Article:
the Pipe and Tabor compendium

the Pipe and Tabor compendium

essays on the three-hole pipe

famous people who also played the pipe and tabor

Helen Kennedy (1888-1976)

researched by Frances

Helen Kennedy was the first honary secretary of The English Folk Dance Society, founded in 1911. In 1928 she was elected an Hon RCM in recognition of her services to Music and to the Royal College of Music in London. Her whole family were musical. She was one of the the pioneers of the early 1900s Folk Revival and played the English concertina and the pipe and tabor.

Her sister was Maud Karpeles who produced many publications with Cecil Sharp.

Her husband was Douglas (second Director of the EFDSS after Cecil Sharp). They played in a folk dance band together and collaborated on many early EFDSS folk dance tune books (short list below). Together they wrote the Jubilee History of the EFDSS. In 1965 they were both awarded the Gold Badge of the English Folk Dance and Song Society, awarded for unique or outstanding contributions to folk music, dance or song, distinguished service to the Society and/or exceptional contributions to the Society's work.  

Peter Kennedy (Folktrax) was her son. He told me (in about 2004/5 in Gloucester) that his mother had played the pipe and tabor and that he had a recording of her. He would not tell me anything else about her when I asked.

Helen Kennedy helped to promote country dancing, which had virtually died out by this time. For example she served as the Occasional Inspector of Folk Dancing in elementary schools for 1920. She was part of a country dance team that went to Canada in1929. In 1941 she adjudicated the Advanced Country Dancing examination at Reading.

"My wife was often called a 'Nealite' jokingly by Cecil [Sharp] and her sister [Maud Karpeles] because she was more conscious of the symptoms of Scholasticism than most of us."

wrote Douglas Kennedy in 1988.

Helen Kennedy owned a pipe that had been reconstructed from pieces of a pipe that had been used by Victorian morris pipe and tabor player John Potter. This is now in the Gloucester Folk Museum. In the mid 19thc:

"John Potter of Sutton, a village adjacent to Stanton Harcourt, Oxfordshire, was renowned over a wide area for playing the instrumental combination of three-holed pipe and tabor drum."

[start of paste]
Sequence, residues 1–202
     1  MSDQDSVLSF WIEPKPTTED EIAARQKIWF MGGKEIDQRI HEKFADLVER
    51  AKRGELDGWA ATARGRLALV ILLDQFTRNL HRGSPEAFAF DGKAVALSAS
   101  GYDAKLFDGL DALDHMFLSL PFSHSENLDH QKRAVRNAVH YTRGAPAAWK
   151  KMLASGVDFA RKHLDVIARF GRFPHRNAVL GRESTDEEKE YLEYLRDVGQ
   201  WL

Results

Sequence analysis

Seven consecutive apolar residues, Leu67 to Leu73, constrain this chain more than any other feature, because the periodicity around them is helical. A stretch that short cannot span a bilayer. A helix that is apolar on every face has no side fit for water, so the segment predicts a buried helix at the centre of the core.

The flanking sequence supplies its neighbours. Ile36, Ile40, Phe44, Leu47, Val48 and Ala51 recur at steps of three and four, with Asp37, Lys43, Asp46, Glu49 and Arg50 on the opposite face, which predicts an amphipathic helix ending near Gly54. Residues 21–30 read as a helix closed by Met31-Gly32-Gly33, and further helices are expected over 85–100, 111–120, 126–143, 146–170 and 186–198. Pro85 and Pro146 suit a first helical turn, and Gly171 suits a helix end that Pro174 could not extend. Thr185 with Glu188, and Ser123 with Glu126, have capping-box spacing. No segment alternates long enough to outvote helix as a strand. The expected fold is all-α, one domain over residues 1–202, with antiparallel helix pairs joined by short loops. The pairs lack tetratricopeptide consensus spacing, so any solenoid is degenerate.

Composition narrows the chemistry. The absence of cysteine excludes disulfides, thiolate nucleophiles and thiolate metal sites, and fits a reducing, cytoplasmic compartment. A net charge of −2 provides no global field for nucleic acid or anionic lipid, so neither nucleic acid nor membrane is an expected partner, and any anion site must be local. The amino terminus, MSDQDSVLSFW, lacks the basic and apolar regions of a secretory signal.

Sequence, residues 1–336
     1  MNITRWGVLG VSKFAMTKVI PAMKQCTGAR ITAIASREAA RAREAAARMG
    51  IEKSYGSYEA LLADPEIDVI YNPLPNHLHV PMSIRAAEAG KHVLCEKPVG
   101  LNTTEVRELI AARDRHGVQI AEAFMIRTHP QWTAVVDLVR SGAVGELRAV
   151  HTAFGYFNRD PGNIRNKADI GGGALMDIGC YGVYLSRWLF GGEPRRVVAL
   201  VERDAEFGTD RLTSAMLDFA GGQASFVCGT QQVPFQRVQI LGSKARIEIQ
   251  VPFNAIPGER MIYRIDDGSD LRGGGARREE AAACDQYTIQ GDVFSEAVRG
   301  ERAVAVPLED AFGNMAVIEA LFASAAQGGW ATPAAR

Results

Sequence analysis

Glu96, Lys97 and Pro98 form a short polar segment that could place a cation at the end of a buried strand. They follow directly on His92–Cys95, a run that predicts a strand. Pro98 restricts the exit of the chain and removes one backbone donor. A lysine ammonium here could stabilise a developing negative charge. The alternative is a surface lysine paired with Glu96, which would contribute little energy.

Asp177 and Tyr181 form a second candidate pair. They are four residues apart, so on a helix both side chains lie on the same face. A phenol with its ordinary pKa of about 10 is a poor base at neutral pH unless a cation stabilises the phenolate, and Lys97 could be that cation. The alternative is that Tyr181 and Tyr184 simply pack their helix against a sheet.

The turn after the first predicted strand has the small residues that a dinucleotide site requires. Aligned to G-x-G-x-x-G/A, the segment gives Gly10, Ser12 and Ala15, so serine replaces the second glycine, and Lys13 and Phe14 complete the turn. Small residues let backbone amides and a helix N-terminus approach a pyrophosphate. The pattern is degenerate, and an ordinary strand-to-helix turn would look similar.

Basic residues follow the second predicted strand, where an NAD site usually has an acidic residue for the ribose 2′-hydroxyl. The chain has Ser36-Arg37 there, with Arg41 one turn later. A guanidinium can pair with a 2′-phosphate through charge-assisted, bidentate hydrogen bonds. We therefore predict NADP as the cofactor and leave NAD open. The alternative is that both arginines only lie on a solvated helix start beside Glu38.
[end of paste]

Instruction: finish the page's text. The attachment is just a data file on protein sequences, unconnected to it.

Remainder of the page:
Percy Manning MSS., Bodleian Library, Top.Oxon d.200, folios 237-239, interview with Joseph Goodlake, Yarnton, Oxfordshire, March 1901. 

The pipes used by Potter had been

'made by Robert Brooks, (baptised in Bampton,1789) who kept the George and Dragon at Bampton'

There is a photograph of Helen Kennedy in " Wittle and Dub" - ES&S mag 39/3 1977 p116.

Some publications produced by Helen Kennedy:
* 'Country Dance Tunes. E.F.D.S. New Series I containing the airs and descriptions of thirty country dances from The Dancing Master'. Selected and edited by D. and H. Kennedy.   (1929)
* Handing on. A guide to country dancing for popular use. compiled by Douglas and Helen Kennedy
* American Square Dancing. A revised reprint of "Square Dances of America."
* Square Dances of America : caller's manuals no.1 and 2, compiled by Douglas, Helen and Peter Kennedy. 1952. (Rev ed.)
* English folk dancing in the primary school, by Helen and Douglas Kennedy. c1960.
* Twelve country Dances  : from "The dancing master" [collected by] John Playford ; selected and edited by Douglas and Helen Kennedy. c 1963
* American Square Dancing, Douglas and Helen Kennedy [editors] 1965
* Country Dance Book: new series, containing the airs and descriptions of thirty country dances from "The dancing master" 17th edition vol.I (1721) and vol.III (1728) selected and edited by Douglas and Helen Kennedy. 1979.

* Various contributions to the EFDSS magazine

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